But while young Mozart may have been a genius in many aspects, he was still very much a little boy. He would run around with a stick between his legs, pretending he was riding on a horse. During the tests that Barrington arranged to measure Wolfgang’s talents, he was also easily distracted, preferring to play with a cat than exhibit his abilities on the harpsichord.
5The Wack Pack
Radio shock jock Howard Stern’s formula has always included a retinue of bizarre personalities, a revolving group dubbed “The Wack Pack.” Several of these have been dwarfs, including microcephalic Lester “Beetlejuice” Green and wheelchair-bound Eric “The Midget” Lynch. Their notoriety has earned them several small acting roles.
Another member of the Wack Pack was Hank “The Angry Drunken Dwarf” Nasiff. Hank showed up randomly at the radio station in 1996 and Stern put him on the air. The 125-centimeter (4’1″) Hank was a hit and appeared frequently. In 1998, Hank won People Magazine’s “Most Beautiful” person poll, getting nearly 20 times as many votes as favored candidate Leonardo DiCaprio (fresh off Titanic fame). The press had a field day with the incident, calling it evidence of the emergence of a “digital democracy.” In retrospect, we would probably call this “trolling on a large scale.”
Sadly, the “drunken” part of Hank Nasiff was more than just a nickname—he really did have a terrible drinking problem, and it took a toll on his body. He died in his sleep on September 4, 2001, aged 39.
Children suffering abuse naturally experience various complications, but here’s one that you’d never expect: Stress can make a child a dwarf. Even when children receive adequate nutrition and have no congenital issues, they can suffer from a condition called psychosocial short stature or psychosocial dwarfism.
This condition, which generally affects children between 2 and 15 years of age, is caused when the environment is so negative that the body constantly produces stress hormones such as epinephrine. This takes an enormous amount of energy away from the body’s other functions, including digestion and the production of growth hormones. In the most extreme cases, the body completely ceases to grow.
This phenomenon is commonly noted in feral children—scraping to survive in the wild allows little time to properly grow. Then when the children are separated from the animals that raised them, the stresses of being introduced to human society are so traumatizing that all further growth stops.
3The World’s Smallest Person
Many sources legally define dwarfism as standing at less than 147 centimeters (4’10”) at adulthood. This is remarkably short, but many people without medical conditions fall into this range, including Jersey Shore personality “Snooki” Polizzi. Some true dwarfs have stood at less than half that size.
According to Guinness World Records, the shortest adult reliably recorded is Chandra Bahadur Dangi, a Nepalese man in his mid-seventies. Dangi is a primordial dwarf only 54.6 centimeters (21.5 in) tall, with a normal-sized head and a tiny body. Precisely what caused this condition is unknown; Dangi is the only one in his family who is not of normal size.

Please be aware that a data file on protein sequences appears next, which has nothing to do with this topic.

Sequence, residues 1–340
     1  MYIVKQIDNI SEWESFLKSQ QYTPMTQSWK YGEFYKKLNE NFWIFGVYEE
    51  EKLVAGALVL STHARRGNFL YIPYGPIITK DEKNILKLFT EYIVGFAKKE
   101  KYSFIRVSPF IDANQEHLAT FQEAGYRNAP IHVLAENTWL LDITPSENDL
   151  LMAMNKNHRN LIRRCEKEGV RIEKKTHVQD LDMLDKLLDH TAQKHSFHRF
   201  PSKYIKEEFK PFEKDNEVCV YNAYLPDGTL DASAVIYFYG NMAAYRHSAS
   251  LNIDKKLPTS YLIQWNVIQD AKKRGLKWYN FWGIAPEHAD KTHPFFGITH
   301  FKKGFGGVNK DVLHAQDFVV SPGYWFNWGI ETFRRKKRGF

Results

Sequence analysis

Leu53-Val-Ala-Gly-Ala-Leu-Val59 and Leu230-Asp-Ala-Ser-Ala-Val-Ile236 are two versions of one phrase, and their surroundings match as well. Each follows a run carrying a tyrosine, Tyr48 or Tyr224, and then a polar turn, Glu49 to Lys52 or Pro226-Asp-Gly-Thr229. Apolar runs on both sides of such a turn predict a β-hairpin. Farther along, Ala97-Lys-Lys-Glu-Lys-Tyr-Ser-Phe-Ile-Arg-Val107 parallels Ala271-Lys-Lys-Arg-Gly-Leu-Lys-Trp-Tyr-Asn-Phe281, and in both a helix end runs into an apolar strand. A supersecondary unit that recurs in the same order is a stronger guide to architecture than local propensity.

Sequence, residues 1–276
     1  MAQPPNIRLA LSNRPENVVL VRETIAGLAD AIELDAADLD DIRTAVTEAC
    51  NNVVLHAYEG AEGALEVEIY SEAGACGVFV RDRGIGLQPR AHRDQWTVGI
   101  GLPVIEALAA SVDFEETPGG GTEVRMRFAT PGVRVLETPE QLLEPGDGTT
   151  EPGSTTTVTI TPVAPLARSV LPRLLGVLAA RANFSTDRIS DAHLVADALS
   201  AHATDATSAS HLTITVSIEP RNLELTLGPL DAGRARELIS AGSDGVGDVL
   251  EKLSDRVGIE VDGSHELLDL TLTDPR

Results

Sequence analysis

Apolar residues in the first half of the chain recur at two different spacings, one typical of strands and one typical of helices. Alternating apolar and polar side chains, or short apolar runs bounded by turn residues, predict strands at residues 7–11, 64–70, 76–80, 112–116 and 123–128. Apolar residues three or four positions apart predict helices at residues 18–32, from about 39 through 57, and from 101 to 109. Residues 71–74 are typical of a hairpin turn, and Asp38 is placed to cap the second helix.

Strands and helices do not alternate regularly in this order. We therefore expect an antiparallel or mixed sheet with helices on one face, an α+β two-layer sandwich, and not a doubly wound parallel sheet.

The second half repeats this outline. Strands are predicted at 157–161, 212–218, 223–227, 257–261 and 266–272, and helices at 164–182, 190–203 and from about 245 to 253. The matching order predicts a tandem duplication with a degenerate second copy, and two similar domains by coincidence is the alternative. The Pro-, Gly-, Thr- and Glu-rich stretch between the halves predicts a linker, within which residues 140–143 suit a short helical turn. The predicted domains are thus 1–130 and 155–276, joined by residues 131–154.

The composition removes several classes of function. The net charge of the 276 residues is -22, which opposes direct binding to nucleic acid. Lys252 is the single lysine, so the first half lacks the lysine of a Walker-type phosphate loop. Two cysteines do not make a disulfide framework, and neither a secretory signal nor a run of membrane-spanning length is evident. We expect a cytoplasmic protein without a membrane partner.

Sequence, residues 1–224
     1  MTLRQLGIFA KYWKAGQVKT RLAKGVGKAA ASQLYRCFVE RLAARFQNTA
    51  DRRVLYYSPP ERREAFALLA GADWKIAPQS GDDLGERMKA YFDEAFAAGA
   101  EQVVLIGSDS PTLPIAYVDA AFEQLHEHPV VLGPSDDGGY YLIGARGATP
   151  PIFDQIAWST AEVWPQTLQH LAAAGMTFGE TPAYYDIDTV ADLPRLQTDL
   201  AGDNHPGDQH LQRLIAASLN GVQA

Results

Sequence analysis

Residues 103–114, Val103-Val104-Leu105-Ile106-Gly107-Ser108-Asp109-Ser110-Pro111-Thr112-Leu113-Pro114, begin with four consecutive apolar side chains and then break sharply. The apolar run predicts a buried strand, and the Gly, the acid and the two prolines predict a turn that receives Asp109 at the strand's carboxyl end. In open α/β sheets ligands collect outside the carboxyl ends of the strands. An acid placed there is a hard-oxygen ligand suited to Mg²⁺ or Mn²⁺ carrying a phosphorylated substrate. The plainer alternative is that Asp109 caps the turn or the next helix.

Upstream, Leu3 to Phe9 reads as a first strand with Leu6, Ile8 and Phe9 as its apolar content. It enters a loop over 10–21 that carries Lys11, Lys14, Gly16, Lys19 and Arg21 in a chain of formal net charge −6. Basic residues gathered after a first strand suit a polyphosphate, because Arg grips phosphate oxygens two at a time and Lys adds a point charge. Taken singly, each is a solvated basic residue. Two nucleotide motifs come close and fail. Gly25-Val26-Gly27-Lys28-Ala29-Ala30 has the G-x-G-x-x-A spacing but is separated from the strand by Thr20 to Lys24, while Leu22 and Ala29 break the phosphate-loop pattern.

Although he can walk, Dangi only does small tasks around the house. His family reports that he has always been in good health, somewhat surprising since extremely short people tend to have abbreviated lifespans and various health issues.
2The Seven Dwarfs Of Auschwitz
The Ovitz clan hailed from Romania, descended from dwarf Shimson Ovitz, a comedian and rabbi. Ovitz had 10 children, seven of whom were dwarfs, who traveled as entertainers called “The Lilliput Troupe.”
The Ovitzes performed throughout World War II, but they were rounded up in May 1944 and sent to Auschwitz. As the Nazis were not particularly well known for their love of either Jews or those with disabilities, it might seem that their stay in the concentration camp would be a death sentence, but for better or worse, the group instead caught the attention of Dr. Josef Mengele.
Rather than send the Ovitzes to the gas chamber, Mengele performed horrible experiments on the dwarfs. He took their blood, extracted their bone marrow, and ripped teeth from their jaws. However, Mengele made special efforts to keep them healthy so he could continue his tests. The dwarfs had better living conditions and food than other prisoners. The taller family members were kept around to help with various tasks, including carrying around their tiny relatives.
With the exception of one average-sized brother who was killed in an escape attempt, the Ovitzes all survived until Auschwitz was liberated. Later, they immigrated to Israel and continued their entertainment career. The last dwarf survivor, sister Perla, died in 2001.
1Disney’s Nude Pinocchio Dwarfs
1937’s Snow White and the Seven Dwarfs was a massive hit for Walt Disney, raising high hopes for the next film from the studio, 1940’s Pinocchio. Unfortunately, World War II limited the number of international theaters that showed the film, and it was initially a box office bomb.
Troubles began right at the start of the release, at its premiere at New York City’s Center Theatre on February 7, 1940. To add excitement to the event, the publicity department hired 11 dwarfs to dress in Pinocchio costumes. They were hoisted atop the marquee, where they were expected to dance around and wave to the children below.
The merry group was plied with booze, and by the afternoon, they’d all stripped nude and begun a raucous game of craps. They refused to put their clothes back on or come down. Eventually, the police were summoned to drape them with pillowcases and drag them from the marquee.
Mike Devlin is an aspiring novelist.